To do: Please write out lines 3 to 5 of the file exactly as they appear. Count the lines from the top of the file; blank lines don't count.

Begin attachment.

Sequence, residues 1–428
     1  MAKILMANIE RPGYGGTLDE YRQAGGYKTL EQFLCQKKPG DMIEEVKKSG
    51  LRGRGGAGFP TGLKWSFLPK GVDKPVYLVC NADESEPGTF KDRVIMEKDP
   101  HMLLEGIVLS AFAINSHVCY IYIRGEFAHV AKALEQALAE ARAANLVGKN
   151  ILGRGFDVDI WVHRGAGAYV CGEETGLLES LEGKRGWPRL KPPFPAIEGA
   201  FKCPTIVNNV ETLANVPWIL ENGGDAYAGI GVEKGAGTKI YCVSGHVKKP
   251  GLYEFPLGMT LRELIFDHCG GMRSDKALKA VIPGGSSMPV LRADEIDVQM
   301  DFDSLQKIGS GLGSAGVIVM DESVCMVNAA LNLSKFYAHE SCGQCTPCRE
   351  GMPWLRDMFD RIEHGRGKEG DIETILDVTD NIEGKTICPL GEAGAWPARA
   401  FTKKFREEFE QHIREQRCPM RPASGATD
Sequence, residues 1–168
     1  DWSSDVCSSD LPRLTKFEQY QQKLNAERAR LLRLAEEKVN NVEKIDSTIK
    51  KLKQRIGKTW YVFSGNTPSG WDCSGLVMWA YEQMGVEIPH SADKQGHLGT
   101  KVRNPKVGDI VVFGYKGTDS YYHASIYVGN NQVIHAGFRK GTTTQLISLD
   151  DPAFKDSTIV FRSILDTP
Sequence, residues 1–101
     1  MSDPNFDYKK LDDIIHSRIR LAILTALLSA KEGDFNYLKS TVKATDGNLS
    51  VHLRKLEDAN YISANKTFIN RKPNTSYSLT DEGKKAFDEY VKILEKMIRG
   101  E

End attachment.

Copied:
    51  LRGRGGAGFP TGLKWSFLPK GVDKPVYLVC NADESEPGTF KDRVIMEKDP
   101  HMLLEGIVLS AFAINSHVCY IYIRGEFAHV AKALEQALAE ARAANLVGKN
   151  ILGRGFDVDI WVHRGAGAYV CGEETGLLES LEGKRGWPRL KPPFPAIEGA